I think that manners and social etiquette should be introduced in schools here as a compulsory subject (it’s no good leaving it to the parents who have no clue themselves). Maybe then, in two or three generations, we won’t feel so embarrassed to travel abroad among our own kind…

  3. Danny Landau

    Don’t even get me started on Israelis …

  4. Being Dati, Sadly I have to tell you it is not you. Nevertheless, it is possible that it is only the Israeli penguins. Many times, I say “never again” (ELAL) alas best travel points for credit cards in Israel.
    Love your blogs – Especially Hasmo

  5. jake Rosenfield

    That’s why I travel BA!

    Your description of the plane landing in Israel & all the people standing up as soon as the wheels of the plane hits the runway, reminded me of a flight to Warsaw a couple of years ago.

    I was flying with my brother on a Polish/Hungarian budget airlines. To my horror as soon as we landed the entire occupancy of the plane bagan clapping while half the people were already standing trying to retrieve there belongings from the overhead lockers. I turned to my brother and said ” they obviously had Jewish Grandparents!”

  6. ad-hominem attacks such as these are usually generalisations and unwarranted at worst, but I’ll give you this one…

  7. Nick Kopaloff

    Lovely piece Mike and I especially like the word “corpulent”.
    You mirror the thoughts that I usually feel too uncomfortable to express.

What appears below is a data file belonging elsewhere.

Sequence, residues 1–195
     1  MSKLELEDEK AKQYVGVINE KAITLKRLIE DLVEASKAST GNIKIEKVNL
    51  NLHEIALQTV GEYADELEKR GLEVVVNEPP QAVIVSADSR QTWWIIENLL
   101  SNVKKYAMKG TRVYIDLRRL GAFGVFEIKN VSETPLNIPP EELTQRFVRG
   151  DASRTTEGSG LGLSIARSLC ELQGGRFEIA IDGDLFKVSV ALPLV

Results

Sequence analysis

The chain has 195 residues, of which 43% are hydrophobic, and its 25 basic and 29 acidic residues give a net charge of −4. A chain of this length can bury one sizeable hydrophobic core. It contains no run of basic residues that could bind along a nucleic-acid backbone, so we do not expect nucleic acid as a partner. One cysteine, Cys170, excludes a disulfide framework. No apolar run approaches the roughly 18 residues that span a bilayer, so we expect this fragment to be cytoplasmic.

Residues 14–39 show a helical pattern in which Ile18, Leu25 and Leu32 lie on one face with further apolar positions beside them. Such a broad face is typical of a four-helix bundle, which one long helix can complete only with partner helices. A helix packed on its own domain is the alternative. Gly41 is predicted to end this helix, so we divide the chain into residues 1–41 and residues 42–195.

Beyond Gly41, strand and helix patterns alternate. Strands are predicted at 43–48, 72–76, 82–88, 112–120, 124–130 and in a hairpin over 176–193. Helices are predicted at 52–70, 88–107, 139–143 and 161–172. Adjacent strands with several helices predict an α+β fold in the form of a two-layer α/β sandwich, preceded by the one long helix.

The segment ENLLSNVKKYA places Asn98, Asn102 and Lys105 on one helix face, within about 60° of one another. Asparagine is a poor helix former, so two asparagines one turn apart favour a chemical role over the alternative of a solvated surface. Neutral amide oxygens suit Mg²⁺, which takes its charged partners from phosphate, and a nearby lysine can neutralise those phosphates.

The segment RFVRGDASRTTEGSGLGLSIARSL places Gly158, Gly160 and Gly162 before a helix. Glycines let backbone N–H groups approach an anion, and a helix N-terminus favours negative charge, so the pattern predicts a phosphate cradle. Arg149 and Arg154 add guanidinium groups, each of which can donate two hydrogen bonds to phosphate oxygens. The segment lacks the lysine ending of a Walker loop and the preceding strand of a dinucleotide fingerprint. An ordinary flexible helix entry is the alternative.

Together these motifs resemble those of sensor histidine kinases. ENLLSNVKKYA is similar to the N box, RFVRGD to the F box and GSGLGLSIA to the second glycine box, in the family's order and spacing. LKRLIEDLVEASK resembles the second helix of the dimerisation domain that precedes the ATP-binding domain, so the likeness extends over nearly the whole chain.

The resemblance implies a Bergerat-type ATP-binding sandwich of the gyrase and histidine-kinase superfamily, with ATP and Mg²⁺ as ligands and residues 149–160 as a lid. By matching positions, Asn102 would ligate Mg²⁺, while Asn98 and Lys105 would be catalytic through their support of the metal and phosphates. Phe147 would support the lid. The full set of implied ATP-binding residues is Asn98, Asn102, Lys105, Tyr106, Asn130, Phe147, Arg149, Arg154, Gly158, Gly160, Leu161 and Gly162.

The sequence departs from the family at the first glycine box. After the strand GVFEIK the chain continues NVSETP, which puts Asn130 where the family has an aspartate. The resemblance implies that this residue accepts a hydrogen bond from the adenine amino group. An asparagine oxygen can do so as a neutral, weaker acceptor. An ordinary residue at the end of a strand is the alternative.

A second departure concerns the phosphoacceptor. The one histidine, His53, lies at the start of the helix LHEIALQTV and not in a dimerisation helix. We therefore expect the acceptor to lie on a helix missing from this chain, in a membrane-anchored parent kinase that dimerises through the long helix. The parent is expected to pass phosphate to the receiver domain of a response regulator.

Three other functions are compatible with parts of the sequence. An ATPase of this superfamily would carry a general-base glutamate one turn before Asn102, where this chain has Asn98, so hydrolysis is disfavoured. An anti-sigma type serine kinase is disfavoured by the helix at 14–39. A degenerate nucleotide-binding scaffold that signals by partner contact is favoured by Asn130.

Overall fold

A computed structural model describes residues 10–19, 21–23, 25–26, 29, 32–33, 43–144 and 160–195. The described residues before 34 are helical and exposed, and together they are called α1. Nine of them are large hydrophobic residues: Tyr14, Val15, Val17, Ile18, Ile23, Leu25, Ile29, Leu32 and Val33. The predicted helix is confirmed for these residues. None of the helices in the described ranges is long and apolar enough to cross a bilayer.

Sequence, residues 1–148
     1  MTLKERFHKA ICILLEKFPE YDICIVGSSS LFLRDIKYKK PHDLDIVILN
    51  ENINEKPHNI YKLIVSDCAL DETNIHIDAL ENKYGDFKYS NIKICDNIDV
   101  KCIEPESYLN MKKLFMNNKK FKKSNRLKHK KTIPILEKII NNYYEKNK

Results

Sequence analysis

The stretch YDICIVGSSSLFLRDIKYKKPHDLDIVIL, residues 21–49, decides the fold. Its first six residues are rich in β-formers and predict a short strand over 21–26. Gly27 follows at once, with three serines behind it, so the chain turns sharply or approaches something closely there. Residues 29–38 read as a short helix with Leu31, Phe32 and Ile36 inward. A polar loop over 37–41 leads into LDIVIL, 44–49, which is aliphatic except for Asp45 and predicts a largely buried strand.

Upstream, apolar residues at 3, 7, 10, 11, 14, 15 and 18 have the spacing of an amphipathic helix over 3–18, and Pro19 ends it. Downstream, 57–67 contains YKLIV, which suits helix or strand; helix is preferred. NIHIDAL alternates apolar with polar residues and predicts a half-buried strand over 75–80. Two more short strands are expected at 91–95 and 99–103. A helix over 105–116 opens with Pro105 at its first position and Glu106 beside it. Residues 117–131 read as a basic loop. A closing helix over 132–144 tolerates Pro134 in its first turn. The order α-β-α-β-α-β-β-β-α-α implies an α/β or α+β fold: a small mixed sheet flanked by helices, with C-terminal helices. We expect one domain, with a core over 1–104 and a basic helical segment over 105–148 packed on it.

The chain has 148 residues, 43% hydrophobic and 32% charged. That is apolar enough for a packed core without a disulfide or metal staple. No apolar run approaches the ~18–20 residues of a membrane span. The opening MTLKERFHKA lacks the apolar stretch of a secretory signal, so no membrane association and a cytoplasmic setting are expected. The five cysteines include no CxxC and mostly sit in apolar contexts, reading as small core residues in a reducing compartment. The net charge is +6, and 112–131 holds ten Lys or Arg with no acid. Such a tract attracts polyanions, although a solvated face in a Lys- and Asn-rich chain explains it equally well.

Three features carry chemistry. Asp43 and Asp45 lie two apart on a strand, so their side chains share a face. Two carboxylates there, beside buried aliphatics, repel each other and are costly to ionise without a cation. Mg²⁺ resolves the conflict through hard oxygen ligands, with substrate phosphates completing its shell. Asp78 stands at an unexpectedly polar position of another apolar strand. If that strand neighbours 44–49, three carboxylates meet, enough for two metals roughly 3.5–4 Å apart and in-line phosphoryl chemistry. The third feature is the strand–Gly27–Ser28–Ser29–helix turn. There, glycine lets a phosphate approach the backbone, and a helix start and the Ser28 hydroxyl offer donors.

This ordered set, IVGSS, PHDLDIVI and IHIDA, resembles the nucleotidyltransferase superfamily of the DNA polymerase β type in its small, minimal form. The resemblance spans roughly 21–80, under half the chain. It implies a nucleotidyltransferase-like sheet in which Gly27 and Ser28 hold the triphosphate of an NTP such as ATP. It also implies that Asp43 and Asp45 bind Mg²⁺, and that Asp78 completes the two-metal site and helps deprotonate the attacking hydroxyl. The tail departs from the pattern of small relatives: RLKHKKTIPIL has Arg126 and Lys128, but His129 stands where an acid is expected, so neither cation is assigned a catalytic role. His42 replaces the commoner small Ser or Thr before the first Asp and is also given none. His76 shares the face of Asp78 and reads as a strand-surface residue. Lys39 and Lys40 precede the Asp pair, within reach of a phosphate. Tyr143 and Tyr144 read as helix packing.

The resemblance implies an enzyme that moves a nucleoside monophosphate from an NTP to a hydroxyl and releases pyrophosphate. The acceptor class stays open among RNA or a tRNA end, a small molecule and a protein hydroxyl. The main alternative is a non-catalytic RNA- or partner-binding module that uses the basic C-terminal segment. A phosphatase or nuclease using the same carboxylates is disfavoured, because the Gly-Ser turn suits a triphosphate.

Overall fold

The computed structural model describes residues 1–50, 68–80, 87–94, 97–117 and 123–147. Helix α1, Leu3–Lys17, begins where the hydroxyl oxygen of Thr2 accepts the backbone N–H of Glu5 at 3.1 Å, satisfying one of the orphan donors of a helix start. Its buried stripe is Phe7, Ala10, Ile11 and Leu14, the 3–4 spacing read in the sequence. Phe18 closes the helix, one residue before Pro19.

I did the “Breslav Hassidim” Oman trip via Vienna, which had unruly corpulent penguins matched against lean stoic Arians leaving me in a shameful quandary I dare not try to articulate.
    Let me refer you to the best book I have ever read which tries to grapple with this uneasy sentiment: “The Pity of it All” by Amos Elon. I lent it to a renowned journalist who agreed it was amongst his favorite ever books.

  8. Have just come back from NY with Elal i can tell you that in my experience the staff on no other airline is so impatient. Not being a Dos but ex Yeshiva Stream i witnessed more chilonim jump up and have their phones on than charedim but the flight was mainly chilonim –
    But i think that it is clear why charedim are up there with the early risers –
    Their lives are so regimented by rules and order that this little chance to rebel is jumped at –
    Something that shouldn’t be so hard for an ex-Hasmo boy to understand.
    PS the lines may be tense but i think that before an 11 hour flight that is understandable – on flights all over the place there are endless examples of rude behavior from all sorts. Not least Brits under the influence.
    I for one detest the rules set by those who rounded up my grandparents and put them in camps to die (and wont visit Uman ever) (and probably would again judging by world opinion). Break the rules as a way of at times giving supposed descent saxon folk the finger. They hate you anyway Jewish Mike 🙂
    If you cant beat em join em!

  9. ELAL = Every Landing Always Late 🙂

Leave a Reply

Fill in your details below or click an icon to log in:

WordPress.com Logo

You are commenting using your WordPress.com account. Log Out / Change )

Twitter picture

You are commenting using your Twitter account. Log Out / Change )

Facebook photo

You are commenting using your Facebook account. Log Out / Change )

Google+ photo

You are commenting using your Google+ account. Log Out / Change )

Connecting to %s